Once enough of us have the presence and courage to do this, that is when we will become aware of a new world order rising up to replace the now outdated old system. This is what Joanna Macy and Chris Johnstone refer to as “The Great Turning” in their extraordinary manifesto for transformational change, Active Hope. They have identified three different narratives that are running concurrently in the present era: “Business as Usual”, characterised by people that believe that the current system is the best or only way; “The Great Unravelling”, characterised by people that believe that the world is in serious decline and have been either paralysed or defeated by the situation; and “The Great Turning”, characterised by those working towards “the transition from a doomed economy of industrial growth to a life-sustaining society committed to the recovery of our world.”
Humanity is gradually waking up and joining The Great Turning. However, the urgency of the climate crisis means that we may not have the luxury of a number of decades and several generations for everyone to realise that Business as Usual is not working and transformative change is required. Too many people are still stuck in denial and lack of awareness or fear and panic when what we need is positive action.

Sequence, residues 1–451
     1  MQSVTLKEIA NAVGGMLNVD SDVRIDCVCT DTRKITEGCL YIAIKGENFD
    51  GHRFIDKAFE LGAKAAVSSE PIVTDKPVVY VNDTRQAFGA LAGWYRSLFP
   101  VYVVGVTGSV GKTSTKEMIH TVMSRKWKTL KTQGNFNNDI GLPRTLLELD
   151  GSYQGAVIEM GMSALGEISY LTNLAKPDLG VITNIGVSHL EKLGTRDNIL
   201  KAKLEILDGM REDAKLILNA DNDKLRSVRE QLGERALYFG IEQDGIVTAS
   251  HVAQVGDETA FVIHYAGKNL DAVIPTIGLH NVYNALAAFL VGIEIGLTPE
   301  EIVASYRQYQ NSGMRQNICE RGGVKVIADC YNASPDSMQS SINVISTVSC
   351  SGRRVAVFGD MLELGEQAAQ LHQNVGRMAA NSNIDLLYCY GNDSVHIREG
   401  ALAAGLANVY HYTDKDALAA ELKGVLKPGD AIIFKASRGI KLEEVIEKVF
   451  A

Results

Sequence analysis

Macy and Johnstone also identify three dimensions of The Great Turning. First, there are “holding actions” which “hold back and slow down the damage being caused by the political economy and Business as Usual.” We are now witnessing these on a bigger and bigger scale, embodied most visibly in the last few weeks by the huge numbers of climate activists campaigning for climate justice over the course of COP26. The second dimension of The Great Turning is “life-sustaining systems and practices.” These are the designers of new systems that will enable us to transition into sustainable living and alternative ways of structuring our societies. Many innovative systems have already been designed and all sorts of ideas are now flooding forth so that the solutions that we need to enact The Great Turning are there. But what we need in order to fulfil it is the third dimension, “shift in consciousness.” We need all the citizens of the world to wake up and take the decisive step into the new way of being.
The pressure to change is there. The pioneers and new world leaders are waiting in the wings. The systems and philosophies that we need are ready to go. Now we need everyone to get off the conveyor belt, see the status quo for what it is, and then step into the new era with confidence and active hope.